Rethinking the bonus

I read a great article on how to reshape the traditional bonus. I can’t find the original article, but the study it was based off of was summarized in the Wall Street Journal.

The article went something like this: a bonus is designed to incentive improved performance, and is paid only after certain milestones are achieved. In theory, it works perfectly: the company gets the results it wants, and the employee is paid for going above and beyond.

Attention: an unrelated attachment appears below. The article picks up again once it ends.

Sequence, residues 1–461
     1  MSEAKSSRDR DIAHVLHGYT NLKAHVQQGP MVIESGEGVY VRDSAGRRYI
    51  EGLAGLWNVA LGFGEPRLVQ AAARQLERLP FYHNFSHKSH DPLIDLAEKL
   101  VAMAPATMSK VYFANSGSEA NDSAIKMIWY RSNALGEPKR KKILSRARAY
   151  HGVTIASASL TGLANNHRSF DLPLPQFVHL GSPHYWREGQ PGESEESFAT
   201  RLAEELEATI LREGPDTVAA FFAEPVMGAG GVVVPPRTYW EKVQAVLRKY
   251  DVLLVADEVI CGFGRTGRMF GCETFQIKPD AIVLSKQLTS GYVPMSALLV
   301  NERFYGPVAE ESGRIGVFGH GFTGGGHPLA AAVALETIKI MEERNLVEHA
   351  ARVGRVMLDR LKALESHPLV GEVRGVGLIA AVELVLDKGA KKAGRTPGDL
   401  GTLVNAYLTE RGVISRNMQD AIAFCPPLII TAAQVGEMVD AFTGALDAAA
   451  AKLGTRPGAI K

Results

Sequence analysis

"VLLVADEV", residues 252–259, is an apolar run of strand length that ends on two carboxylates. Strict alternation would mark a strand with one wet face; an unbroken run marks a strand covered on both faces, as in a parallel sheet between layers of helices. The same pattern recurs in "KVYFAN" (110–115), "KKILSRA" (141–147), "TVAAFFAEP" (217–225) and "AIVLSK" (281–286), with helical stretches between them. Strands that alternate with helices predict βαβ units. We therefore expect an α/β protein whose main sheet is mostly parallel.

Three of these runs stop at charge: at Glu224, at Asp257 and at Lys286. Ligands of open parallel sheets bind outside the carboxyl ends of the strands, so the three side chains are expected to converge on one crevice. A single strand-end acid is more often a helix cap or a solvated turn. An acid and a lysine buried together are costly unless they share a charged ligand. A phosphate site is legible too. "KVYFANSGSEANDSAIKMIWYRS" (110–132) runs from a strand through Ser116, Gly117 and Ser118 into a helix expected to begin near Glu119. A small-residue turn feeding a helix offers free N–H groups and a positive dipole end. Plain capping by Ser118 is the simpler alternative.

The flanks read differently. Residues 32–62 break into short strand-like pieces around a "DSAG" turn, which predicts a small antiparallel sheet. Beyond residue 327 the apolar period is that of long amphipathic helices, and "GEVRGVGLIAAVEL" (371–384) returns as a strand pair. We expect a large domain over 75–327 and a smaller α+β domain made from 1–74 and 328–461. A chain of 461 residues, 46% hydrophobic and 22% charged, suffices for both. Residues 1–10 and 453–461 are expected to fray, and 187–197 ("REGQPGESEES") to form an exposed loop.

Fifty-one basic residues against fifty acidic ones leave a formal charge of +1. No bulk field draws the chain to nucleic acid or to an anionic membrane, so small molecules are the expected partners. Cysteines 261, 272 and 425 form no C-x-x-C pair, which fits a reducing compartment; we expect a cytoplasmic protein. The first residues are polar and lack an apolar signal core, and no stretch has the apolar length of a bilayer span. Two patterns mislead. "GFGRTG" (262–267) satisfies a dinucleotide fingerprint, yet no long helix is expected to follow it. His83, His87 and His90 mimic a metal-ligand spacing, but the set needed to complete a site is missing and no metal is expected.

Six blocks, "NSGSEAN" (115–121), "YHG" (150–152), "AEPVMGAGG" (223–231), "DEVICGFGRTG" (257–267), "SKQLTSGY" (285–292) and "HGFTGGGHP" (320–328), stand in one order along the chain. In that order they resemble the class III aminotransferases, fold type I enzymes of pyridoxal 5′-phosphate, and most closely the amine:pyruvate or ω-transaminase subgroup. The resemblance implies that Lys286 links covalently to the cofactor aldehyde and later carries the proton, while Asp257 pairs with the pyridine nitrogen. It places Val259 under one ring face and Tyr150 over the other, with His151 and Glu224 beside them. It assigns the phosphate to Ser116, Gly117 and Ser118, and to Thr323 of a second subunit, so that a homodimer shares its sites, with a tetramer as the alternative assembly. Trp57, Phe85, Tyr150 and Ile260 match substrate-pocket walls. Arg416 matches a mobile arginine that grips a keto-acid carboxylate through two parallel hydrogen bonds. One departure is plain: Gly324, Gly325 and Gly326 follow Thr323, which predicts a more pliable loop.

This structure hasn’t changed significantly for many, many years.

But year end bonus time comes, and companies are often missing their goals despite the promise of a bonus. Is it that the reward was disproportionate to the goal? The goal un-achievable?

Psychologists have long known that the fear of loss was greater than the joy of reward. How then do you apply that to a bonus?

The study gave a group of teachers a bonus at the beginning of the year and told them they had to return it if scores didn’t improve. The other group was rewarded using the traditional bonus structure. The teachers who got the bonus, spent it, and didn’t want to return it improved scores dramatically more than those with the traditional structure.

In my view: brilliant.